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A Strategy for a new NAFTA

Posted on February 08 by

Much is being written about NAFTA as the U.S., Canada and Mexico renegotiate this trade agreement. With so much conflicting information, viewpoints and theories, I decided to do my own research and reach my own conclusions which culminate in four suggestions that could bring a fresh look to NAFTA.

The motivation for a North American free trade zone began with President Ronald Reagan in 1979. In 1988 Canada and the U.S. signed the Canada-U.S. Free Trade Agreement (FTA) and shortly after that Mexican President Carlos Salinas approached President George Bush for a similar agreement. Then Canada’s Brian Mulroney feared the advantages Canada gained through FTA would be undermined by a U.S.-Mexico bilateral agreement and asked to join the talks. The result was the NAFTA agreement in 1994.

Most economic analysis says NAFTA has been beneficial to the North American economies and the average citizen. But a small minority of workers in industries exposed to trade competition have been harmed.

The present challenge is that the U.S. thinks it has not benefited as much as Canada and Mexico. In the international sphere of things, updating a 24-year-old agreement should be looked upon as an opportunity and not a problem. In business partnerships, a balanced WIN-WIN agreement is key to a successful and lasting partnership, so why not revisit this agreement with a fresh look and make it better for the next 24 years?

Here are four key points:

1) Too much talk about the NAFTA renegotiation in Canada is specifically concerned with Donald Trump. I believe it would be better to change our attitude and think of NAFTA as a U.S.-Canada-Mexico subject, and not a Trump-Trudeau subject.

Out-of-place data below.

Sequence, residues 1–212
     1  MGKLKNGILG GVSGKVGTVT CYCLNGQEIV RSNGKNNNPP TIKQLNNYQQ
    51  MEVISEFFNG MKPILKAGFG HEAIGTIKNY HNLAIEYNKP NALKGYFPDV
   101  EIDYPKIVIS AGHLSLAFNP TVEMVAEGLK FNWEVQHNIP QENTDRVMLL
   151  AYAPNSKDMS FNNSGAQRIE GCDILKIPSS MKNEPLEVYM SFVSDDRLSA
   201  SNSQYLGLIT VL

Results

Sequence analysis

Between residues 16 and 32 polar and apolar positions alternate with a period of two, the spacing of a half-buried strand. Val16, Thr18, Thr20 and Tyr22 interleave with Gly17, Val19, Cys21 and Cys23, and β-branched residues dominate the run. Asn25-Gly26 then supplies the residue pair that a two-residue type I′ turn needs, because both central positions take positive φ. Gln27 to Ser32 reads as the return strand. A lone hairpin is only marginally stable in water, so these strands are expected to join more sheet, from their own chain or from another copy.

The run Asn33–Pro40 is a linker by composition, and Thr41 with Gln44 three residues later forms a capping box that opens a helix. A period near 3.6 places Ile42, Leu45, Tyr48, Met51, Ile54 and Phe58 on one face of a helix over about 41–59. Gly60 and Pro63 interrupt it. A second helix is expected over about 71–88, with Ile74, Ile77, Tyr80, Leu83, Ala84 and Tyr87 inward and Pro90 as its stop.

2) The challenges that the U.S. has with Mexico are greater and different than those with Canada. The U.S. challenges with Mexico not only include trade, but also immigration and drug trafficking while U.S. challenges with Canada are mostly trade-related.

It would be better for each country to represents its side and not appear to partner with another country to gain strength in the negotiation. Any real or perceived move to have Canada side with Mexico is counter-productive. We should enter the negotiation to update the mutual benefits we have with each country. First, let each country negotiate successfully a bilateral agreement that reflect the realities of their own relationship on trade. Then, you can review a three-part agreement. This is the only way to achieve a WIN-WIN for all three parties.

3) The history of friendship and cooperation between the U.S. and Canada is strong. We don’t need to partner with others to deal with the Americans. We have gone to war together twice to protect our freedom and shared values. Also, we have a common history rich with exceptional stories of brotherhood that go beyond business and money.

Two incidents come to mind. The first happened in 1979 with the Iran hostage crisis when Canadian passports were issued to six U.S. diplomats to help them escape from Iran. The second example was 9/11 when Gander, Newfoundland people welcomed U.S. travelers and offered them shelter, food and warmth during a difficult time. This was not orchestrated by politicians or governments, but by simple people who didn’t care about borders.

4) Who are America’s best friends? Canada, the U.K., Australia, Israel and Mexico should all be at the top of the list. I don’t think the U.S. would want to damage its relationship with its best friends.

A fresh look with a positive attitude and a WIN-WIN mentality is all what is needed.

Hugh Latif, of Hugh Latif & Associates in Vaughan, Ontario is a management consultant who helps mid-size, private companies with strategy, succession, advisory boards and HR. He is author of a new book, Maverick Leadership; available from hughlatif.com and amazon.com/ca and Kindle.

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